Ode to the Heart Smaller than a Pencil Eraser

[ Also a partly found poem after Brian Doyle’s Joyas Voladoras; with thanks to Lina Sagaral Reyes for the link ]

I don’t know whose translucent wings those are
twitching, disappearing into a knothole in the ceiling;

but in the throes of great uncertainty I am
asked to consider the miniature:

– A heart the size of a pencil eraser, beating ten
times a second, hammering faster than we could hear.

– A heart that fuels flights more than five
hundred miles without stopping to rest.

– Hot heart that kisses at least a thousand flowers a day
but cold, slides into a torpor from which it might no longer rouse.

– Oh my constellation of fears, shamed by a wingstroke
smaller than a baby’s fingernail, thunderous as the world’s wild waterfalls.

– Heart like a race car engined by color, buffered
by wind, stripped for nothing but flight.

– Chant of bearded helmetcrests and booted racket-tails,
violet-tailed sylphs and crimson topazes.

– Rosary of charismatic names: amethyst woodstars and
rainbow-bearded thornbills, pufflegs and spatuletails.

– You’ve found me out: I have a bag of tortoise coins. I’ve spent them
like a miser, hoarding each little bit of copper against that one stupendous day.

– I’ve lived mostly alone in the bricked-up house of my heart,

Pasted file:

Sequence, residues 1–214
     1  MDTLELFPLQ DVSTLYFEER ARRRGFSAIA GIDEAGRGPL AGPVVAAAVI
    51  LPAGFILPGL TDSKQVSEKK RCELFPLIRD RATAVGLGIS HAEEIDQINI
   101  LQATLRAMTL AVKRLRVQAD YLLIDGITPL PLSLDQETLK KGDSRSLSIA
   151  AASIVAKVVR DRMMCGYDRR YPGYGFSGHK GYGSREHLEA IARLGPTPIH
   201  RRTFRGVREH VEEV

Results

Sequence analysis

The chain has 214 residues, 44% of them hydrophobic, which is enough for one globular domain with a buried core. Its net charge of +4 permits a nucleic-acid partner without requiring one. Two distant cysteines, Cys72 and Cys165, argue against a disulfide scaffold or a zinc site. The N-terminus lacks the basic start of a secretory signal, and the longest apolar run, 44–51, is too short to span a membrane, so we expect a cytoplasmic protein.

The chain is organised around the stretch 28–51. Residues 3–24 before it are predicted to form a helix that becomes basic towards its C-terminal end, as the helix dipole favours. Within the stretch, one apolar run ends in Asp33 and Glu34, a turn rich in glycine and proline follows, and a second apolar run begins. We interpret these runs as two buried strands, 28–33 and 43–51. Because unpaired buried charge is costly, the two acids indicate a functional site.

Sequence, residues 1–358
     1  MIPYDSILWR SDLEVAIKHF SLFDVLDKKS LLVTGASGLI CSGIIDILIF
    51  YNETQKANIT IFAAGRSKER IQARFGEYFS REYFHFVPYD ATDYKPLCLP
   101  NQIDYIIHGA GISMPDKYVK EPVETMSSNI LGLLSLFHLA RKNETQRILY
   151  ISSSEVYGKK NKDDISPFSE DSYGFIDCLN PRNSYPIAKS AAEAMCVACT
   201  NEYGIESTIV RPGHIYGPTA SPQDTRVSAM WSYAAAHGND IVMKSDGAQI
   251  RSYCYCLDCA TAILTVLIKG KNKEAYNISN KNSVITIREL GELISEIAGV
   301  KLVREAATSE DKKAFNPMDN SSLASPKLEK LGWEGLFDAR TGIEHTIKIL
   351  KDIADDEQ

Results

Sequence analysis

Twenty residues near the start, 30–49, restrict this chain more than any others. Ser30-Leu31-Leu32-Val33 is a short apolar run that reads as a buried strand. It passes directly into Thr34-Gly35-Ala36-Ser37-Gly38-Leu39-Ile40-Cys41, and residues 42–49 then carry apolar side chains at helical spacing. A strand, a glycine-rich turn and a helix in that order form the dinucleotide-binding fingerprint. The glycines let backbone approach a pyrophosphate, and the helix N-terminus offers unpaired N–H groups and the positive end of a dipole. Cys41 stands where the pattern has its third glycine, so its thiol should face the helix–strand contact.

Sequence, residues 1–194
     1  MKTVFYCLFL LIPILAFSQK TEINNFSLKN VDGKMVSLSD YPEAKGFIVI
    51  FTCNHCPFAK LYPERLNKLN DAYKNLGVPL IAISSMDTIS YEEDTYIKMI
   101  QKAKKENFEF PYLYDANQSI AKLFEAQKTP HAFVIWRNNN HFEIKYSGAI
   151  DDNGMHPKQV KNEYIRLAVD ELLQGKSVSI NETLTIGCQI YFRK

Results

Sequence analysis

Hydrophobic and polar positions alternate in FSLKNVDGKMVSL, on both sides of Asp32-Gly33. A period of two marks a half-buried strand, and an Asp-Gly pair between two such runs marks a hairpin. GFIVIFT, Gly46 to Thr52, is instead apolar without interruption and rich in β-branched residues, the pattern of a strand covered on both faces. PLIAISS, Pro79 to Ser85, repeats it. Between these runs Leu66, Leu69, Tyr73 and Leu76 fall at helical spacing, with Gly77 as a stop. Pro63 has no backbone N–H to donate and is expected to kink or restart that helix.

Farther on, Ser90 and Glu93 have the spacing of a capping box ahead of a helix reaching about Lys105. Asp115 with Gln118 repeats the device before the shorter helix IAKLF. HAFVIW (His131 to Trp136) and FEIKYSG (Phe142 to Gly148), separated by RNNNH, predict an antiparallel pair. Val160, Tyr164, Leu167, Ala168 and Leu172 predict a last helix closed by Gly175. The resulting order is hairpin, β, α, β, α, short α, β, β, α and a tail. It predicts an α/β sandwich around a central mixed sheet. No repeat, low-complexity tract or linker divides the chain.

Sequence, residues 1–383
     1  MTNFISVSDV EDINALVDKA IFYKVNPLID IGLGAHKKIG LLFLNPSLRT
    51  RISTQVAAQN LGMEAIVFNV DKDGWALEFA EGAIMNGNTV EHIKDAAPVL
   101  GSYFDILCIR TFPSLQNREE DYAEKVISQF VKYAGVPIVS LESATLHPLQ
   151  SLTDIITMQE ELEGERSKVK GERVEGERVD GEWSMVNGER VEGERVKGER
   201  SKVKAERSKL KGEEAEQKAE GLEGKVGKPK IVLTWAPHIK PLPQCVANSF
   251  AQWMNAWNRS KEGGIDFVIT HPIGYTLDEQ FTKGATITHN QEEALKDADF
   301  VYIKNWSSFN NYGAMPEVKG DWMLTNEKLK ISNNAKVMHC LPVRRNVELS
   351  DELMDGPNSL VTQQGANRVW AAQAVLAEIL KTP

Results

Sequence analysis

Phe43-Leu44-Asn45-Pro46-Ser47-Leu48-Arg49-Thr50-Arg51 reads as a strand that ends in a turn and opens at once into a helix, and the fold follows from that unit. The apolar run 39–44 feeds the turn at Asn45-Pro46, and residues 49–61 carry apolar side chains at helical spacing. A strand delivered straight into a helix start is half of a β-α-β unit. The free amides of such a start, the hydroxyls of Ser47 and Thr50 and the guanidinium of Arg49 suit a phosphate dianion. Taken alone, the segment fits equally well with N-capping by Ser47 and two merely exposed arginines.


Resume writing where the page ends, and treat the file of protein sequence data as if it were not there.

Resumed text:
but a wind teeters at the door, smelling of skin and apple breath.

 

In response to an entry from the Morning Porch.

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11 Comments


  1. Wow, that hummingbird poem by Luisa Igloria is incredible. That is the kind of poem that makes my heart ache and makes me want to say something to match that poet’s vision. I think we refer to it in human language as “inspiring.” In the language of hummingbirds, it is something else entirely, and very lovely…like a “hot heart that kisses at least a thousand flowers a day,” and not unlike the smell of “skin and apple breath.” Belissima! Thank you for sharing it, Dave.

    Reply

  2. I love this Luisa. I wrote a hummer poem the other day myself. Must be in the air–tiny hearts and wings.

    Reply

  3. Oh my God. How can a poem be this good? Delighted and incredulous, shaking my head.

    Reply

  4. I’ve lived mostly alone in the bricked-up house of my heart,/but a wind teeters at the door, smelling of skin and apple breath.

    ANGST

    There are hearts. And there are hearts.
    But that bird with one smaller than
    a pencil eraser has worked frenziedly
    to whirr and flutter over eager flowers

    and tender leaves more than my wary
    heart has tried to run out and break
    free from its bricked-up gaoler, afraid
    that one day I would lose that teetering

    shadow at the door, pine for that scent
    I run to on evenings like this, to a deep
    smell of skin, and to taste his apple breath.
    O for an urgent whisper on a whiff of wind!

    Would the murmur of wings still be there,
    to keep my heart gentle and unshuttered?

    —Albert B. Casuga
    07-08-11

    Reply

  5. Lovely, Luisa! How have you been?

    Reply

  6. I have been searching for poems to be incorporated in the Philippine high school book (21st-century Literature from the Philippines and the World) I am working on. I found this well-crafted poem by an outstanding Filipino poet praiseworthy. With your permission, can I include it among the reading selections in the said book? I look forward to your favorable reply.

    Reply

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